Yesterday evening I attended The Great Legal Reformation, an event organised by Shaun Jardine of Brethertons. The very fact that the event was organised by a law firm rather than say, Legal Futures or a bank is unusual. Add to this Mitch Kowalski as the main attraction and a venue change due to sheer weight of numbers and you will start to see that this was a special event.
Mitch himself is a great speaker. Relaxed, assured, knowledgeable. He can see into the crystal ball and what he sees there is exciting: a vision of teams of people working together to solve clients' legal problems efficiently and effectively, supported by cool technology. Mitch and the panel of experts (including Stephen Mayson, Amir Ali and David Gilroy) were equally clear on the direction of travel and what was going to be required to get there. During the polling part of the evening and the Q and A, everyone agreed: the Great Legal Reformation is coming, it will be driven by technology, will invite non lawyers into the inner sanctum and will result in prices being driven down to a point where the pent up demand for legal services will be released. The business model is dead! Long live the law firm of the future!
Technology & change
Happy New Year! No, I’m not going to talk about new year resolutions or diets or cutting out alcohol. You’ll get enough of that elsewhere during January. Instead I’m going to talk about what it means to be a human being.
Woah! That’s a bit heavy, isn’t it? Bear with me. We’ll soon get back onto the subject of how to better manage a law firm in 2017.
So – being a human. What’s that all about?
the emperor's new clothes
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At the Legal Futures 2020 conference a couple of weeks ago, I sat muttering like an old lady at a bus stop. Speaker after speaker talked about how ABSs and online solutions would fill the as yet untapped (and unproven) demand for legal services.
I work with SME firms, the so called high street firms who provide the sort of day to day advice and help that makes the world tick in provincial towns: wills and probate, divorces, conveyancing. Business advice for local firms. That sort of thing. The everyday bread and butter stuff that the big brands hope to win.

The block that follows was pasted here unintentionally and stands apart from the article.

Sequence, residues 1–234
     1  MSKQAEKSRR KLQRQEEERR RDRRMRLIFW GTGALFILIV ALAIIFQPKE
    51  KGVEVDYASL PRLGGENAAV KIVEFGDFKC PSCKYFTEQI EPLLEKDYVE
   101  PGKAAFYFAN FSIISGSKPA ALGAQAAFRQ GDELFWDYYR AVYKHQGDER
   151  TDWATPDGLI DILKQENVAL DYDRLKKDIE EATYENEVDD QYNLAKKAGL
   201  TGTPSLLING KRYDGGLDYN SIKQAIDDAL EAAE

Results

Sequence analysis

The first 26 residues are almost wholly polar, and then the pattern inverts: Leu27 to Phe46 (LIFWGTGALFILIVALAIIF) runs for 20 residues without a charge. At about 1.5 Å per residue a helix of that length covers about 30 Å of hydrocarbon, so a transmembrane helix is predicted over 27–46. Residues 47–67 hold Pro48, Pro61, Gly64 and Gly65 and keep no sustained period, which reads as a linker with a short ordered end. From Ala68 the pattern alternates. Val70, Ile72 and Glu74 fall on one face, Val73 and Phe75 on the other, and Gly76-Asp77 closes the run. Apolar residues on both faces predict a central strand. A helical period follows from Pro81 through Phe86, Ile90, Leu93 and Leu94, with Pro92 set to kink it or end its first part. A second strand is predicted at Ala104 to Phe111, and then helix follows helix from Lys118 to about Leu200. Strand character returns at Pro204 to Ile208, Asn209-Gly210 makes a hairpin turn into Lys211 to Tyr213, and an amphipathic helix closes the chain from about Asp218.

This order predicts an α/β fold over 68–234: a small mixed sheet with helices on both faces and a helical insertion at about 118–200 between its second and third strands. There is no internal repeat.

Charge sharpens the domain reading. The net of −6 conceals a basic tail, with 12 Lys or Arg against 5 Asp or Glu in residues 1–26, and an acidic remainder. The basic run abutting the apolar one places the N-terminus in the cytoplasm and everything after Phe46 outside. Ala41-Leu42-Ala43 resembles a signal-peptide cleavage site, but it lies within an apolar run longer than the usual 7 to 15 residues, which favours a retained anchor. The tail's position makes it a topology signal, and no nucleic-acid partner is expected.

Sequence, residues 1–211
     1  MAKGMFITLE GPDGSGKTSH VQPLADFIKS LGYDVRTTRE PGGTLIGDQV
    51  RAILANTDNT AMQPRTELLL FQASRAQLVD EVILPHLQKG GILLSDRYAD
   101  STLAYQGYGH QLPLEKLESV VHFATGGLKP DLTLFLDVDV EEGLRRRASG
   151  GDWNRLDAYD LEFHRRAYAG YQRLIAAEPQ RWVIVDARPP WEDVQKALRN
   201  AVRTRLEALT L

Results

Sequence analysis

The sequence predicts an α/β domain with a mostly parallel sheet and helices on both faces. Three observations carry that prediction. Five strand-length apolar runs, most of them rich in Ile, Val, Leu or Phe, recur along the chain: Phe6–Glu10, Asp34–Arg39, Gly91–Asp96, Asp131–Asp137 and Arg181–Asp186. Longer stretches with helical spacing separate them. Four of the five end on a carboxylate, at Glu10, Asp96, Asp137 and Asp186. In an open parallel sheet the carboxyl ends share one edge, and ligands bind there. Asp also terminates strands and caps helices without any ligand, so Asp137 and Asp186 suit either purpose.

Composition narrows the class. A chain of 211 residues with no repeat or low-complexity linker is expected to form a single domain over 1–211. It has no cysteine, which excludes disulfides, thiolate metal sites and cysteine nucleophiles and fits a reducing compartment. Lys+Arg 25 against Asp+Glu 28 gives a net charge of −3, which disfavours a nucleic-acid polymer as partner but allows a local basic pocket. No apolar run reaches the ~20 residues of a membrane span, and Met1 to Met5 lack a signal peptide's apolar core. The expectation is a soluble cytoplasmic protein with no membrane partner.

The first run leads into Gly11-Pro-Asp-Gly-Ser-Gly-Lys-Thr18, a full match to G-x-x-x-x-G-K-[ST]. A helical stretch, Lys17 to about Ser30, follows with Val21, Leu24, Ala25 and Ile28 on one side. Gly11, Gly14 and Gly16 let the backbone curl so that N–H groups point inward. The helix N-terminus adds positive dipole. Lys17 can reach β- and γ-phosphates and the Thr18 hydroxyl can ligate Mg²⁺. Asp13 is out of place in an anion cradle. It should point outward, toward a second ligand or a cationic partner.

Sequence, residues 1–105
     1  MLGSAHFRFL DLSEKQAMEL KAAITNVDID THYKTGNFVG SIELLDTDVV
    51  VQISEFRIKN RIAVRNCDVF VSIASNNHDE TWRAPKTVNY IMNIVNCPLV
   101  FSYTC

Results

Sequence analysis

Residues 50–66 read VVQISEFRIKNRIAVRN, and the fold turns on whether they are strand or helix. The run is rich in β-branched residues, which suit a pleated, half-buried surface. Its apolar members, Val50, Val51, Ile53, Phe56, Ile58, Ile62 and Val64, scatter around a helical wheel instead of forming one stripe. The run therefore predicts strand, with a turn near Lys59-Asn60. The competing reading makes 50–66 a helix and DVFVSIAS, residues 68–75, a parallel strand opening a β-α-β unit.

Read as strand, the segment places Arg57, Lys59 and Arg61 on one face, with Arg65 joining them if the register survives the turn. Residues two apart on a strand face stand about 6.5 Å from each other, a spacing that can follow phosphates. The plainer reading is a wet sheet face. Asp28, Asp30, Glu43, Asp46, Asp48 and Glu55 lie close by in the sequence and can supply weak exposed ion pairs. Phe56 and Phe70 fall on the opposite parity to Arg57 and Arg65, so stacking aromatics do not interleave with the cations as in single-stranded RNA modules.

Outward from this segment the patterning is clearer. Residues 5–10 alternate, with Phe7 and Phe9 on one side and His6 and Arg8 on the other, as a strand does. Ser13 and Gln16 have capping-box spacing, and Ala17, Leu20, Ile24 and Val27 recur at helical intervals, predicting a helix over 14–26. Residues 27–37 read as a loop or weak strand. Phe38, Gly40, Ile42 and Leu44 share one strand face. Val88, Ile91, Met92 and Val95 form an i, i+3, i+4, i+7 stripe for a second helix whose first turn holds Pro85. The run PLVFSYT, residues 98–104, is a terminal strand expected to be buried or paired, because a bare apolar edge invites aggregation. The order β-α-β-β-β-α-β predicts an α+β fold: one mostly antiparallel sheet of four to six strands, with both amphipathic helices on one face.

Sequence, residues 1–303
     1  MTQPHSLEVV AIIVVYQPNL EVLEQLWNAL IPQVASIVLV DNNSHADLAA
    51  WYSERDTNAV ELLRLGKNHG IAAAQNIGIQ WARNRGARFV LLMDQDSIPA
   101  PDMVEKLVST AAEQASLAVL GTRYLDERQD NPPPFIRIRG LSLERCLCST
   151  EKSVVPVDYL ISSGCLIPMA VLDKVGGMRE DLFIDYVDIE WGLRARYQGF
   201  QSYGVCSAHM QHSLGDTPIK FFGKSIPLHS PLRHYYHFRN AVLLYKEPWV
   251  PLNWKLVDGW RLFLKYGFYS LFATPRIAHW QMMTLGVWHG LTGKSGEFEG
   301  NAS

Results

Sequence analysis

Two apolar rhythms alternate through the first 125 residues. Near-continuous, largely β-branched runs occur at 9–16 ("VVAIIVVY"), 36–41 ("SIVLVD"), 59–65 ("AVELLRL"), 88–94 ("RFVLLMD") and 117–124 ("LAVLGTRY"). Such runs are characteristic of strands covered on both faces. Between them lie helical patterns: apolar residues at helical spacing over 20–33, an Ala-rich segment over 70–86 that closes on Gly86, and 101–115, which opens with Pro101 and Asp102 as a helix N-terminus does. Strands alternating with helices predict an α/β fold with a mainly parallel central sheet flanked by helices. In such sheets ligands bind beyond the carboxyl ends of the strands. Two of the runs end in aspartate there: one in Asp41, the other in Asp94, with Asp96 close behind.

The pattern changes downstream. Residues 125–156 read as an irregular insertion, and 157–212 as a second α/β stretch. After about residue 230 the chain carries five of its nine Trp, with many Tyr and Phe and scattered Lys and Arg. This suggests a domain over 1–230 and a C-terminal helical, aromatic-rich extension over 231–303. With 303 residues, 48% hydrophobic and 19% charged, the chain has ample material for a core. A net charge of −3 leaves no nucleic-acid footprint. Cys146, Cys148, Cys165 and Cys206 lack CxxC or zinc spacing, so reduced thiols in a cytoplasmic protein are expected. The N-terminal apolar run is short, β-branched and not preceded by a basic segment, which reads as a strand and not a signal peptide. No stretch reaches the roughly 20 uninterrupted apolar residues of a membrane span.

I hear the stories of a young woman who arrives on the doorstep sobbing, having reached the final straw in her marriage. The bereaved son who has just lost his mother and is completely confused by complicated forms. The solicitor who is at court for one client but sees someone else struggling with court forms and helps. None of these people would find a website helpful – because a website does not offer kindness, help or understanding.
People who would use our services are often scared, stressed, sad or just plain worried about being stupid. They might use the internet to research their problem, they might even do some price checking or see if your firm is recommended. They might even fill in a fact filling form online. But they will want the reassurance of a friendly face, a kind word and someone who can guide them through the process.
The answer is not the big brands – I understand that none of them are making money, at least yet. The network organisations are talking a good story but it is said that Dynamo Law has fewer than 50 members and Quality Solicitors only just over 100. The success stories in this market are the businesses that are not looking to online and ABS structures not to provide the complete answer but to provide part of it: iSolicitor who has unbundled family law services to provide better client service in an area of need, Schillings who have also vertically integrated to provide a one stop shop for people with reputations worth protecting.
The true disruption will come not from the “suck it and see” private equity backed businesses that are yet to really find a foothold, but from those law firms who take a long hard look at their client base and design services around their needs. And then use every tool at their disposal, whether that’s technological, structural or experiential to achieve that.
Now that’s would be something worth cheering.
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